103 Mr S. M. Bruce, High Commissioner in London, to Prime Minister's Department

Cablegram unnumbered BRUSSELS, 12 November 1937, 10.02 p.m.


Japanese reply [1] has been fully considered in private discussions to-day between the United Kingdom, United States, France and the Dominions.

The probable procedure when the Conference meets tomorrow at the morning meeting will be speeches by the United Kingdom, United States and France which will be given to the Press stressing the importance of rules of law in international relations and peaceful methods of settling disputes, and deploring the Japanese action as a blow to these principles. The Italian attitude uncertain, but probably out of line with the rest of the Conference. After these speeches an attempt will be made to obtain the agreement of the Conference to a Press communique refuting certain contentions of Japan, embodying some points from the speeches and indicating an adjournment for a week to enable the Governments to consider and consult with regard to the situation created by the Japanese reply.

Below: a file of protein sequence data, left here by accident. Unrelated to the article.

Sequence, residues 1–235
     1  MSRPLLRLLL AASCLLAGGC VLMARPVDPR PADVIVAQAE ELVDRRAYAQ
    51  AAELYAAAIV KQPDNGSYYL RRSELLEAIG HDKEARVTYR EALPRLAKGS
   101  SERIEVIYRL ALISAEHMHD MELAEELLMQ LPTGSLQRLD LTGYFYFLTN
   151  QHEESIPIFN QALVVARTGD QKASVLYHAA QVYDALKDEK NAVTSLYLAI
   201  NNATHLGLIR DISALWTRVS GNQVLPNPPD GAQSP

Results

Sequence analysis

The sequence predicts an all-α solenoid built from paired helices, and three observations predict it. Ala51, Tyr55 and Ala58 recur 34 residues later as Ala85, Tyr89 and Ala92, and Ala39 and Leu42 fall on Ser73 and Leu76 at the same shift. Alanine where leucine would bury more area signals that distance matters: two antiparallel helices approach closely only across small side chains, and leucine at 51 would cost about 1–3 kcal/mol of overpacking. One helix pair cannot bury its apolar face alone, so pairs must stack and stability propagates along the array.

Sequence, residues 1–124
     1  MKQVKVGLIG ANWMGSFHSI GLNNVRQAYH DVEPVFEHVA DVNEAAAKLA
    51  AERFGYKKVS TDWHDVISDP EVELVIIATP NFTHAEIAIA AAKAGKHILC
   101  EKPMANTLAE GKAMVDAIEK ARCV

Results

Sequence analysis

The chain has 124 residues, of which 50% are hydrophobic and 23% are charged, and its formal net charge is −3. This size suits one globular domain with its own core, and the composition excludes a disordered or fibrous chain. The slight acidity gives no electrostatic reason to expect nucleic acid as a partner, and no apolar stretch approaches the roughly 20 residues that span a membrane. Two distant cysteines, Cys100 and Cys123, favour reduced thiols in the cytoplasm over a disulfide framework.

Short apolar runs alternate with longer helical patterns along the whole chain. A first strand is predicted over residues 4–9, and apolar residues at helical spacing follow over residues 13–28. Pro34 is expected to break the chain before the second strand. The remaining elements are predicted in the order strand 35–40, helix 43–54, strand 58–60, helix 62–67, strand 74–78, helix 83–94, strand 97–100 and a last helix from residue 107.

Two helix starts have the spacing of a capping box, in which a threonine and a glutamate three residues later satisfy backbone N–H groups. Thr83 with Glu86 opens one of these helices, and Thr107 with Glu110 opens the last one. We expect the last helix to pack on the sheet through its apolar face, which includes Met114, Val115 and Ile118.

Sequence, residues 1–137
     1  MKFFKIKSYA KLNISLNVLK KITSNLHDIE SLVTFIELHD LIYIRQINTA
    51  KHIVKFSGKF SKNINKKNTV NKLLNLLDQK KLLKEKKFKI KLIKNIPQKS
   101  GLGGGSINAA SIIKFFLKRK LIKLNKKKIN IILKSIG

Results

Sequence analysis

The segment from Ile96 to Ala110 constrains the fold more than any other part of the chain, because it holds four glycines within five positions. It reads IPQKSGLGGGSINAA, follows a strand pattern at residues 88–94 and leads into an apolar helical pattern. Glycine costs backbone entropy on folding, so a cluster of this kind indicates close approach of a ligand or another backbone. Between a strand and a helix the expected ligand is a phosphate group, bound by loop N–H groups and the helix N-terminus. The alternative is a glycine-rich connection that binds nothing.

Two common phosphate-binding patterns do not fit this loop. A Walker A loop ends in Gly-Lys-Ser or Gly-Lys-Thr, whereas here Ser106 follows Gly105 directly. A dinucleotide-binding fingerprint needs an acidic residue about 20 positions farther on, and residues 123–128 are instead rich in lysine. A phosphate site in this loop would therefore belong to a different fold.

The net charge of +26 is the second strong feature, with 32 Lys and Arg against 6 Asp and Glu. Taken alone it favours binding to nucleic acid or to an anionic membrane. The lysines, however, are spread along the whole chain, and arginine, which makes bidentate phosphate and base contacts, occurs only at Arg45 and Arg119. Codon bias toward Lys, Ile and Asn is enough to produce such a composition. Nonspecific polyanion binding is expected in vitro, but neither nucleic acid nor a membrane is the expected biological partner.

1 The Japanese reply was presented to the Brussels Conference in a memorandum dated 12 November 1937, which stated in part:

'The Imperial Government adheres strictly to the view that its present action, being one of self defence and forced upon Japan by the challenge of China, lies outside the scope of the Nine-Power Treaty. It is certainly impossible for it to accept an invitation to a conference convened in accordance with the stipulations of the treaty, after Japan has been accused of having violated its terms.' For the full text of this note see Keesing's Contemporary Archives, 1937-40, 2817F.

[AA : A981, CHINA 116] BRUCE